Australian Journal of Human Rights – special edition

Selected papers from the Symposium have been published in a special edition of the Australian Journal of Human Rights:

Australian Journal of Human Rights 19(1)
Special Issue:

Human Rights in Context: Culture, Power and Personhood

Neil Maclean and Gaynor Macdonald  (University of Sydney)
Full text: Human Rights in Context: Culture, Power and Personhood


Samuel Martinez  (University of Connecticut)
An anthropologist among human rights experts in Haiti and the Dominican Republic: para-ethnographic perspectives on culture and rights

Maree Pardy  (University of Melbourne)
Under Western eyes again? Rights vernacular and the gender culture ‘clash’

Rosemary Wiss  (University of Sydney)
And justice for all? International anti-trafficking agendas and local consequences in a Phillipines sex tourism town

Michael Humphrey  (University of Sydney)
Where does human rights consciousness come from? Counterinsurgency, traumatisation and political subjectivity in Argentina

Gaynor Macdonald  (University of Sydney)
Who is the ‘human’ in ‘human rights’?

Neil Maclean  (University of Sydney)
Living with disability: care, rights and relational personhood

Eve Vincent  (University of Sydney)
‘Sticking up for the land’: Aboriginality, mining and the lived effects of native title

Jayson S Lamchek  (Australian National University)
Exercising rights into existence: new human rights strategies by Third World peoples


Symposium summary


Symposium Report:

Culture and Rights:

Scepticism, hostility and mutuality

This symposium was the product of our sense that the unresolved tension between culture and rights based perspectives continues to condition many aspects of contemporary anthropology: our on-going debate about the nature of culture, the relationship between anthropology and broader terrain of social science, and the politics of anthropological practice. That sense was grounded in a number of everyday engagements: the on-going politics of indigenous identity in Australia, the teaching of a Development studies program, the nature and politics of disability, the concrete circumstances of fieldwork for many of our postgraduate students.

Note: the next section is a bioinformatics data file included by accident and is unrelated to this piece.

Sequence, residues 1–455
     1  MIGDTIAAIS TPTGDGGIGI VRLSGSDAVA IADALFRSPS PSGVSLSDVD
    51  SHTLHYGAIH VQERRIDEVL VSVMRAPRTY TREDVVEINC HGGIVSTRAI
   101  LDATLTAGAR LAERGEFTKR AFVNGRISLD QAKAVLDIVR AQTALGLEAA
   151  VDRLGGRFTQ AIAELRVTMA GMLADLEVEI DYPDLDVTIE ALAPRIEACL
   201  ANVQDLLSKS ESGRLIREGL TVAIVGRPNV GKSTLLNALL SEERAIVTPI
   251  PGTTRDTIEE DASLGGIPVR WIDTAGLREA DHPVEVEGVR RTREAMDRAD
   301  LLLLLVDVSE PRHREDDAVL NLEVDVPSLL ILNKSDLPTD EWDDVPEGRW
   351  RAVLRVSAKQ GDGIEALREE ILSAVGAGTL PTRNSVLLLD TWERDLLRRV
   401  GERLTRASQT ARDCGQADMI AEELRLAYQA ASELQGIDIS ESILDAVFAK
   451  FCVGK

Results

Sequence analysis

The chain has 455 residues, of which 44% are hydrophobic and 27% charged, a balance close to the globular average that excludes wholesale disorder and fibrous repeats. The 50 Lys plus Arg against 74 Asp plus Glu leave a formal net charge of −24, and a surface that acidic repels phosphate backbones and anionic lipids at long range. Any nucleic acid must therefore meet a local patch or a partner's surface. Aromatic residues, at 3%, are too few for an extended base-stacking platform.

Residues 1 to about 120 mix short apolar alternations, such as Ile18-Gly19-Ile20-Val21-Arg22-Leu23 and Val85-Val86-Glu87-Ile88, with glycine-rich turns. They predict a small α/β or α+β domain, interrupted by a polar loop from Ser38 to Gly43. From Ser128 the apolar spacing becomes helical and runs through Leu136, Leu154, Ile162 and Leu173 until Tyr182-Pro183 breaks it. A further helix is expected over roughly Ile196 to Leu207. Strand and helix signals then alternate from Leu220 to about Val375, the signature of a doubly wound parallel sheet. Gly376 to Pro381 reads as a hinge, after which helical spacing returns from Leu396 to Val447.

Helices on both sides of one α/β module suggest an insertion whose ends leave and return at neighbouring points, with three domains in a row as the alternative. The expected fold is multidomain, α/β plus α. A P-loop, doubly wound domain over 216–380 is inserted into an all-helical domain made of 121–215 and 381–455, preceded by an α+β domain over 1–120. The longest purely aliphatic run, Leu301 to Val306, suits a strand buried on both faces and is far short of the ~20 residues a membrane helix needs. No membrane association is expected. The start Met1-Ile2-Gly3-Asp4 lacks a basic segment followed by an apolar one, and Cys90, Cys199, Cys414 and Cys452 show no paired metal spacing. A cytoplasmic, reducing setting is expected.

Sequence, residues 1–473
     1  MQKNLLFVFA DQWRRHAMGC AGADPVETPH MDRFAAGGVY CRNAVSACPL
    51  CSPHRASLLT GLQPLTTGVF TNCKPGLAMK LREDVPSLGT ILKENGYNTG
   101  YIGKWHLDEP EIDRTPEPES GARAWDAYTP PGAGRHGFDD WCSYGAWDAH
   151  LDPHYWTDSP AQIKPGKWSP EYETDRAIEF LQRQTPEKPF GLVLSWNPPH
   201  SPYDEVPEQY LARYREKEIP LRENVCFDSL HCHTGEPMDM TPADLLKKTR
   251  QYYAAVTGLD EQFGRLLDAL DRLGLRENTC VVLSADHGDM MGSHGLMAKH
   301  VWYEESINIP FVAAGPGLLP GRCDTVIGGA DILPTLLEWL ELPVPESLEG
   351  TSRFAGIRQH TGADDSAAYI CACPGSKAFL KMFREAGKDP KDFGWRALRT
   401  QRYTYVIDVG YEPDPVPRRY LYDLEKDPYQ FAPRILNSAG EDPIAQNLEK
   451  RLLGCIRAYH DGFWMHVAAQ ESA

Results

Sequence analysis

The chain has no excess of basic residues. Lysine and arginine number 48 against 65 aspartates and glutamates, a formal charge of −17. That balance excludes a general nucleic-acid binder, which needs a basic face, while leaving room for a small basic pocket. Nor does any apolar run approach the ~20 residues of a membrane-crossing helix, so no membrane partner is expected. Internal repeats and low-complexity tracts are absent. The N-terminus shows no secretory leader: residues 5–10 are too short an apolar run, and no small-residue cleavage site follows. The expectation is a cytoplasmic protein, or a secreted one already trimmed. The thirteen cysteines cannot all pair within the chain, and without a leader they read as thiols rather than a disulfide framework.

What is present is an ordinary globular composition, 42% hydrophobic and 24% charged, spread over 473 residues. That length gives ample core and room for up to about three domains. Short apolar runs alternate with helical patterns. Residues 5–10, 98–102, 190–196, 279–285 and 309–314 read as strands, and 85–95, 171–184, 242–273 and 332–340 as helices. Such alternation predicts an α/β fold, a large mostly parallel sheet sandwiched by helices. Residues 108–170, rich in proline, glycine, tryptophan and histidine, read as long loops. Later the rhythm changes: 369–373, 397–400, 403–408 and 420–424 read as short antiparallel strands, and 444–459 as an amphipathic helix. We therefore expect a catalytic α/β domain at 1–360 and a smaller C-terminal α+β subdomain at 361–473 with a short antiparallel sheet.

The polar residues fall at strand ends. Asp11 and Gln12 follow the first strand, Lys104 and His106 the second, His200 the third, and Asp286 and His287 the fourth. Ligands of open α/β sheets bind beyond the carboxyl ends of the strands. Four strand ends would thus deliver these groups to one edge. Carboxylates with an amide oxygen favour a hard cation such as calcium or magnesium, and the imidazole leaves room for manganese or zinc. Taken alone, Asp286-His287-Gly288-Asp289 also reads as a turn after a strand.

The work of contemporary anthropologists such as Merry, Engle, Englund, Riles, Humphrey helped us sharpen our conceptualisation of this tension. At the same time we were particularly fortunate to have as a keynote speaker Dr. Samuel Martinez from the Department of Anthropology, University of Connecticut. He brought to our discussions a deep understanding of the shifting quality of human rights instruments, of the strategic nature of their engagement and of the capacity of both culture and rights claims to conceal as much as they challenge. Martinez’s proposal of a “para-ethnographic” in which ethnographer and human rights investigator function as simply one kind of expert ‘among several’ finds echoes with a very diverse array of plurality of expertise, manifested as both partnership and conflict, that this symposium brought together.

The theme of indigenous rights claims and who controls their language and their recognition featured particularly strongly here, across a wide range of regional and national contexts (Australia, Ecuador, Nepal, Papua New Guinea). Other nexes around which the themes of papers converged included tensions between the generalising and universalising tendencies of rights language with the situational specificities of recognition of personhood; the implication of rights claim and recognition within the production of state power; the mutual implication of rights, culture, health and well-being; the relationships between human rights and property rights; the gendered tension between the discourse of victim of rights abuse and that of activist claimant of rights; violence as the ground of rights claims; the strategic deployment or rejection of a rights based language.

On the evening before the symposium, at the Macleay Museum, the session Voices of the Denied, and the launch of One Life, Two Stories, a story told by Nancy de Vries of her life since being taken from her Aboriginal mother at the age of 13 months, gave direct voice to the experiences of violence and marginalisation that make the contemporary politics of human rights such an urgent issue.

We were enormously pleased and stimulated by the response to the symposium and would like to thank all participants and presenters for the way they gave our sense of an issue form and substance.

Registering on the day

For those, who did not make it in time, here are your options: